Kragthorpe: Injury talk can only hurt

Steve Kragthorpe doesn't discuss injuries to his players unless they are of the season-ending variety. And he's got two pretty good reasons why he doesn't.

Steve Kragthorpe doesn't discuss injuries to his players unless they are of the season-ending variety. And he's got two pretty good reasons why he doesn't.

There was a lot of discussion after last Thursday's season-opening, 73-10, victory over Murray State why several players, including linebacker Willie Williams and defensive tackle L.T. Walker, didn't see action against the Racers.

After the game, Kragthorpe wouldn't explain or elaborate on the reasons why Williams and Walker or defensive linemen L.D. Scott and Michael Adams didn't play. Monday, though, Kragthorpe said his team came out of the first game in "good" shape health-wise and that he is hopeful that everyone will be ready to go Thursday night against Middle Tennessee State.

"We're good," Kragthorpe said. "We had no season ending injuries (against Murray State). We've had one season-ending injury to Zach Meagher in training camp. He's going to have to have surgery. So he's out for the year. But other than that, hopefully everybody will be available for Thursday night."

Is Kragthorpe's no-injury talk philosophy unique in college football? According to the Louisville coach, his philosophy is hardly revolutionary.


Steve Kragthorpe's has two good
reasons why he doesn't disclose injuries.

"It's not unique at all," Kragthorpe said. "A lot of coaches in Division 1 football employ the same philosophy. I basically got it from Bill Snyder when he was at Kansas State and there are numerous coaches who employ the same philosophy."

So why does Kragthorpe favor the cloak and dagger approach when it comes to discussing – or not discussing – injuries?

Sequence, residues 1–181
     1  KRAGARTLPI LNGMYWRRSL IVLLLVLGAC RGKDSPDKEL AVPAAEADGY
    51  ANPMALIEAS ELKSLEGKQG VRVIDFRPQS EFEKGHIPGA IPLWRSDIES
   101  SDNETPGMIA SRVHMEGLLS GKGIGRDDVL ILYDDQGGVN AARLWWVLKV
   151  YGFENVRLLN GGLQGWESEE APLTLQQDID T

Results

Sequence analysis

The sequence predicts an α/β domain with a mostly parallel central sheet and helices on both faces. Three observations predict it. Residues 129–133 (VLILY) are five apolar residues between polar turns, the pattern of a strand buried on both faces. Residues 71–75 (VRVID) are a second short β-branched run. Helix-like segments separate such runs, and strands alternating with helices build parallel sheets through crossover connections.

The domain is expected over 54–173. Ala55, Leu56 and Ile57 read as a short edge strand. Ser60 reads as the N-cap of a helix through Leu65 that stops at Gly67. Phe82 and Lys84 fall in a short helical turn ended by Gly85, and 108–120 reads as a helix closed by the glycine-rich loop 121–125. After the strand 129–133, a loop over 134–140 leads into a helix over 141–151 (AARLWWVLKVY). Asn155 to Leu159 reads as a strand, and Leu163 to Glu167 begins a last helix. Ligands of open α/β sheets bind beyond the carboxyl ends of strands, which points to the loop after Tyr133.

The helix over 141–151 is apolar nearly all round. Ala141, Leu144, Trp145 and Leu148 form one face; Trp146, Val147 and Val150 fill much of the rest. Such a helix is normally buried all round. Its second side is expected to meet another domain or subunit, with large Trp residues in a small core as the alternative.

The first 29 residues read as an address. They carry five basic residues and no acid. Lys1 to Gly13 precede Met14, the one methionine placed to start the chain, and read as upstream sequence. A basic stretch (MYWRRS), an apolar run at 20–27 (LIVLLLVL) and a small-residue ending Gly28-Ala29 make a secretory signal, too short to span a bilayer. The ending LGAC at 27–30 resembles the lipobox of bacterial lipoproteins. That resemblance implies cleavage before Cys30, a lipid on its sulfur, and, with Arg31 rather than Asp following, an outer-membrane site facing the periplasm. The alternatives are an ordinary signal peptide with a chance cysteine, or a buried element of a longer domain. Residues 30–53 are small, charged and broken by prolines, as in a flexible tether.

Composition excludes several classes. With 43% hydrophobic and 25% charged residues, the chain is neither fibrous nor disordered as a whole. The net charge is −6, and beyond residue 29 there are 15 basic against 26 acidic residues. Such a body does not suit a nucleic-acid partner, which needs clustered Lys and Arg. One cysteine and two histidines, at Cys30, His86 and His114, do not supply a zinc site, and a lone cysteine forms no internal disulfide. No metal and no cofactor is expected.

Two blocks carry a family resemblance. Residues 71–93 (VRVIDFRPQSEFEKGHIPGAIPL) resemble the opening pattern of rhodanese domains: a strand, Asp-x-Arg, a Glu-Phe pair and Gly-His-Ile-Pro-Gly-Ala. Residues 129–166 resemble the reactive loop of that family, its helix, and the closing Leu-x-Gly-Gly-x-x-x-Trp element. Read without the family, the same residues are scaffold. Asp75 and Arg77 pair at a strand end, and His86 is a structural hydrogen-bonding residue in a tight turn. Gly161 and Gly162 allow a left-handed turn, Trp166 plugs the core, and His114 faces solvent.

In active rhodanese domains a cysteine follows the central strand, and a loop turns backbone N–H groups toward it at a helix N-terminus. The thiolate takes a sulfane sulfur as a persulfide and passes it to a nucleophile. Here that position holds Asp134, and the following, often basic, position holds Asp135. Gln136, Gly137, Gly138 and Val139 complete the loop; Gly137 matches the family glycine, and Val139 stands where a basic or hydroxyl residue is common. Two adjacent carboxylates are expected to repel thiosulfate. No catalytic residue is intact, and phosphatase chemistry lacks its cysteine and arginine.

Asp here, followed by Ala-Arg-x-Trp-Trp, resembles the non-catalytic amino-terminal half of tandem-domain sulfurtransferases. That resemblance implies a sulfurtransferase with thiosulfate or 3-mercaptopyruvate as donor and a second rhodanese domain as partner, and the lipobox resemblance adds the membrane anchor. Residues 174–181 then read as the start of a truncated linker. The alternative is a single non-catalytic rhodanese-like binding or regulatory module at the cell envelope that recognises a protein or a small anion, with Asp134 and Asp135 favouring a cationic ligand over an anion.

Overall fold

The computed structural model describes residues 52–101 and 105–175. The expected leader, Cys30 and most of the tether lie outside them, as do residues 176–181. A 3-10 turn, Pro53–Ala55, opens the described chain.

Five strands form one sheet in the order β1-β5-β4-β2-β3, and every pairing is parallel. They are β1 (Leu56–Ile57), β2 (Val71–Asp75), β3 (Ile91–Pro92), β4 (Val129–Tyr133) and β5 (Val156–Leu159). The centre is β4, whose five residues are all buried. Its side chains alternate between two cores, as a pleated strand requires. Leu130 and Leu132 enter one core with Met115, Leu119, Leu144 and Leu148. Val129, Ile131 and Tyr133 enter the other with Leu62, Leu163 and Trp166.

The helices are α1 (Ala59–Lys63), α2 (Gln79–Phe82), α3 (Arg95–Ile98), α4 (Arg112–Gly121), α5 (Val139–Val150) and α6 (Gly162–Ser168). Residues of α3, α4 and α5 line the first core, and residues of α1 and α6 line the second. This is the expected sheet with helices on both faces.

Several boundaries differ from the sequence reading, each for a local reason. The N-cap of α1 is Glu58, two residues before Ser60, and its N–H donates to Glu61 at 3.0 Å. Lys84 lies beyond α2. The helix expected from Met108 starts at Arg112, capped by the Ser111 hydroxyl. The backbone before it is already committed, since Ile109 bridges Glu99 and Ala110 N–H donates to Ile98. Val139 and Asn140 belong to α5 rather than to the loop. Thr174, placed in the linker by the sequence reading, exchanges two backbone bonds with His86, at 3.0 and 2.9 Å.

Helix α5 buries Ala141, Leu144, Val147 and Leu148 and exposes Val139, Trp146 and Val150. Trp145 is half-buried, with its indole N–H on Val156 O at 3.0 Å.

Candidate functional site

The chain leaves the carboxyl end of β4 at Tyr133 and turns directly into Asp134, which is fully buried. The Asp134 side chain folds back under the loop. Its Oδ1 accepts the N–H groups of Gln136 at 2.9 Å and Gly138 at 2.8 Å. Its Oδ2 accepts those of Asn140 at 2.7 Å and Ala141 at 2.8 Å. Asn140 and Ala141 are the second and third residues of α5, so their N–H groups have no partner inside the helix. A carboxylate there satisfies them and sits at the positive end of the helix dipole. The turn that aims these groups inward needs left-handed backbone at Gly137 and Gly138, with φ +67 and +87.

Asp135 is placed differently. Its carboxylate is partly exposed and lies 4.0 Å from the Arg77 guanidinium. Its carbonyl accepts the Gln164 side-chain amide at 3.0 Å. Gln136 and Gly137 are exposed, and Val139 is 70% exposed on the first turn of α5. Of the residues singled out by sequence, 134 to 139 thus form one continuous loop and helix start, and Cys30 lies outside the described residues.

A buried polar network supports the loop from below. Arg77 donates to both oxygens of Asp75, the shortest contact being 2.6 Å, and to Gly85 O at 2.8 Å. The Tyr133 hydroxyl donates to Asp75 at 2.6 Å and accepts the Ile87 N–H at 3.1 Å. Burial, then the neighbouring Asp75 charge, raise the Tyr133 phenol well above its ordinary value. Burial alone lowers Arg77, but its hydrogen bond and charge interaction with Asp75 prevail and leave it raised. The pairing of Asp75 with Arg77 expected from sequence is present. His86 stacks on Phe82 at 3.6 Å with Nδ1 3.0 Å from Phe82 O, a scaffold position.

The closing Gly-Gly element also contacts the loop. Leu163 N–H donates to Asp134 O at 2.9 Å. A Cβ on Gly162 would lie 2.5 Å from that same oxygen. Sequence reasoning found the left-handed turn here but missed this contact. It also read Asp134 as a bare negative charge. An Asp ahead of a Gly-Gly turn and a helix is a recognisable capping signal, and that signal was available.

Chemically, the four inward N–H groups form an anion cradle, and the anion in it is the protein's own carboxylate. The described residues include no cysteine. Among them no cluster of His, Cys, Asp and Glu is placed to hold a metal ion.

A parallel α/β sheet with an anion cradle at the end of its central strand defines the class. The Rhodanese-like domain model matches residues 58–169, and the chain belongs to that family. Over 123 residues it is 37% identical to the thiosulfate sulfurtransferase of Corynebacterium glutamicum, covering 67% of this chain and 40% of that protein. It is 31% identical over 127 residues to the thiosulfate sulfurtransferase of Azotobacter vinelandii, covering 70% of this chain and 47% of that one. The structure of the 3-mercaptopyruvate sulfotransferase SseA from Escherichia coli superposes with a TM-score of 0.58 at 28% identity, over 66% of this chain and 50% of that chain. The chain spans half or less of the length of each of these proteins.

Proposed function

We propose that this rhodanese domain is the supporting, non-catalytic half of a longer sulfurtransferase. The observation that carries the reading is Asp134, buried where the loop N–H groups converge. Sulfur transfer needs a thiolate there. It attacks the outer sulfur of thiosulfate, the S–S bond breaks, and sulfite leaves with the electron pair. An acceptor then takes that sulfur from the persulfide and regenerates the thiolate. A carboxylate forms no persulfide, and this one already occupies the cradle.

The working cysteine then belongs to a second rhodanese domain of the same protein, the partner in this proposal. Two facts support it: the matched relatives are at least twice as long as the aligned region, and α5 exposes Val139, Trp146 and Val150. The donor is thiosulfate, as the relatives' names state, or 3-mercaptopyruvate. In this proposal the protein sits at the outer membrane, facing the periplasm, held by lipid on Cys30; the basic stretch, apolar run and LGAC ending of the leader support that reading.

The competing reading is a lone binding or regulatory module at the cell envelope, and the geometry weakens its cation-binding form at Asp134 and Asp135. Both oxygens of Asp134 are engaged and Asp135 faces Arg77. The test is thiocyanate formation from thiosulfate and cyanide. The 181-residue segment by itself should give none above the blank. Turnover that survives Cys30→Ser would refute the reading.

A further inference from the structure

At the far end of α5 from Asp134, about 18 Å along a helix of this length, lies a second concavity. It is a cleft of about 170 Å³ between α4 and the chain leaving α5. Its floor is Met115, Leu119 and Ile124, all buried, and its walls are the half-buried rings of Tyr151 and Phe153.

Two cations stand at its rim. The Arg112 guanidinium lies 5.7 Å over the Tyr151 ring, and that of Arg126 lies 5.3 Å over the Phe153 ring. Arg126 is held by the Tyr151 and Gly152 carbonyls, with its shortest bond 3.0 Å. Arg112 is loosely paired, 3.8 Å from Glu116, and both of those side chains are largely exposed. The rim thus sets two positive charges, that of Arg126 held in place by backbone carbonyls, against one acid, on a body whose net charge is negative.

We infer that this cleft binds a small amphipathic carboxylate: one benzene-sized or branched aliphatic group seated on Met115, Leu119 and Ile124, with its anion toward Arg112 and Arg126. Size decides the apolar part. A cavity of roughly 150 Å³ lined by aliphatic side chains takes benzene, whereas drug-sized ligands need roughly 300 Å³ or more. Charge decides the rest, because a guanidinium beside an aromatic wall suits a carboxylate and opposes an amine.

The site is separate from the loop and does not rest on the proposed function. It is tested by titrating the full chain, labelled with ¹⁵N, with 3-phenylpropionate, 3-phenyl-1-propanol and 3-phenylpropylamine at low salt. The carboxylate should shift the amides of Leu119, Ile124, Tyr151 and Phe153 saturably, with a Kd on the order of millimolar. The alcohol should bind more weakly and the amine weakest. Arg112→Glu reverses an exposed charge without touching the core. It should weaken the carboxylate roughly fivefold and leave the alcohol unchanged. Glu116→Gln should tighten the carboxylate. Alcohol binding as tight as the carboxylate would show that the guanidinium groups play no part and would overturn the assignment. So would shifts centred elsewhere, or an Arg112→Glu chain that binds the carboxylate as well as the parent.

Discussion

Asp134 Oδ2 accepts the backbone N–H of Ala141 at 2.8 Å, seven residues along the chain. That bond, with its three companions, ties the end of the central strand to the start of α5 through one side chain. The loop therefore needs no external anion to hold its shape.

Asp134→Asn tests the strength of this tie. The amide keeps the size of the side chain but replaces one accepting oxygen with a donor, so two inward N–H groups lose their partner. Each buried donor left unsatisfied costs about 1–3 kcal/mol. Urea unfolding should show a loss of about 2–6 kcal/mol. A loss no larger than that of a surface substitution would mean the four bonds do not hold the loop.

"It's two-fold," he said. "Number one, I have sons that play football and let's say one of my son's sprains his left ankle and I disclose that he has a sprained left ankle. What do you think is going to happen on the first series of the game? They're going to go after his sprained left ankle. So I have a hard time facing a parent if I've given out that information that I would not want that information given out about my son.

"The second thing is the competitive advantage. If we feel like it helps us not to disclose injuries to our opponent by not letting them know who is and who isn't going to play then that's an advantage for us. If they know a certain player is not going to play in the game they can redesign their game plan. But the main reason is I don't want to put these young men in any harm's way and I don't ever want a parent to say to me ‘Coach, why would you have told them that my son had an injured left shoulder? That's exactly what they tried to do was hurt his left shoulder in the first series of the ball game."

And while Kragthorpe won't talk about his team's injury problems, he does pay close attention to his opponent's bumps and bruises.

"That's one of the things that I do during pregame warm-ups," Kragthorpe said. "I'm checking the (opponent's)depth chart, seeing what guys are available and looking for tape – seeing if a guy has one ankle taped and the other isn't, if he's got one elbow taped and the other isn't, or if he's got one knee brace and the other doesn't. You're looking for all those things to hopefully give you a competitive advantage."


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